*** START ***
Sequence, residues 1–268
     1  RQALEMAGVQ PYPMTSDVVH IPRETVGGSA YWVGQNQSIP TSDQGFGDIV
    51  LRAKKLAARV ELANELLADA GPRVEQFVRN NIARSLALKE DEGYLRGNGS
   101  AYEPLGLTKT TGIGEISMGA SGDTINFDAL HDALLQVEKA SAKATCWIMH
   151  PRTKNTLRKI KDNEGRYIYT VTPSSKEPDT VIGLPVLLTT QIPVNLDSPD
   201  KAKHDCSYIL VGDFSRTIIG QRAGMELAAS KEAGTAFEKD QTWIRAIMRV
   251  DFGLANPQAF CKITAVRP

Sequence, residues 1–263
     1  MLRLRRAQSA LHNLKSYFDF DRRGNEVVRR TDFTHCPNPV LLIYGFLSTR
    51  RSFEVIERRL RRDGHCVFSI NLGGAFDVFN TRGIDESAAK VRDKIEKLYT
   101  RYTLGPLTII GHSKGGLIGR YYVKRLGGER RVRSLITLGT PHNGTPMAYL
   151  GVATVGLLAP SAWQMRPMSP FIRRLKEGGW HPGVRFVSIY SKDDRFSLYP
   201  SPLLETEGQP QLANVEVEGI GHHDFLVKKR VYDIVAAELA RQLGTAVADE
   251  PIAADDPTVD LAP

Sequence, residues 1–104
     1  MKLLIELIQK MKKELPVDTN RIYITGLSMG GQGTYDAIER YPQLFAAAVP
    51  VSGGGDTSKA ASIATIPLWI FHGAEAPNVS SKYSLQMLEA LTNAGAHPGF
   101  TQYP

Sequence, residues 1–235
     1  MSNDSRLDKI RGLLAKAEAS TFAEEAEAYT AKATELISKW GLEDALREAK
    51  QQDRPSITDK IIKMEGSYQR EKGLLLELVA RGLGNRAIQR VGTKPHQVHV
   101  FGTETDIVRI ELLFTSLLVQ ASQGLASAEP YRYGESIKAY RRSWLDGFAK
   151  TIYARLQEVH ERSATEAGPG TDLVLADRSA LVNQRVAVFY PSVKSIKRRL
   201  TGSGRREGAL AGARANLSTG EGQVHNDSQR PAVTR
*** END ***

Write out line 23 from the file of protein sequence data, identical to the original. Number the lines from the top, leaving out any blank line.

   151  TIYARLQEVH ERSATEAGPG TDLVLADRSA LVNQRVAVFY PSVKSIKRRL